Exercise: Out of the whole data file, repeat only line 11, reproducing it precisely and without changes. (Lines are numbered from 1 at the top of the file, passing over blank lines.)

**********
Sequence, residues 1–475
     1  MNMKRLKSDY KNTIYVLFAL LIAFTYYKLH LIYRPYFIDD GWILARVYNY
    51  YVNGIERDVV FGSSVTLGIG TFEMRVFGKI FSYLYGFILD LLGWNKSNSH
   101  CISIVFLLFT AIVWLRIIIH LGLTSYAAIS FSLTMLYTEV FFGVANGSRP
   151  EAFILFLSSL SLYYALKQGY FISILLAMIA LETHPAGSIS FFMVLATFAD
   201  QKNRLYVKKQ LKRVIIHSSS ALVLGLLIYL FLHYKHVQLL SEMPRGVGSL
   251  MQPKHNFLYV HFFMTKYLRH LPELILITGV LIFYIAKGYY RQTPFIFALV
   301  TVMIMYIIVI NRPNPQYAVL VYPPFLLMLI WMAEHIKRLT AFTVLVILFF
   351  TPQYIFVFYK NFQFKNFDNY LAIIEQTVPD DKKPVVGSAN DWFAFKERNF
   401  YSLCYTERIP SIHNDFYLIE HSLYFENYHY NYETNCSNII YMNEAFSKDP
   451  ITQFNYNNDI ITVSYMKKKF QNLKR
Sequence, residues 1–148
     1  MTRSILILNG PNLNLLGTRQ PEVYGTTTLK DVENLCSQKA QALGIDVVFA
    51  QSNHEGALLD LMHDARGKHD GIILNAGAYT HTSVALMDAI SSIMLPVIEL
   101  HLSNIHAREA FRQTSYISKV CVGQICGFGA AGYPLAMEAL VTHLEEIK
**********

   451  ITQFNYNNDI ITVSYMKKKF QNLKR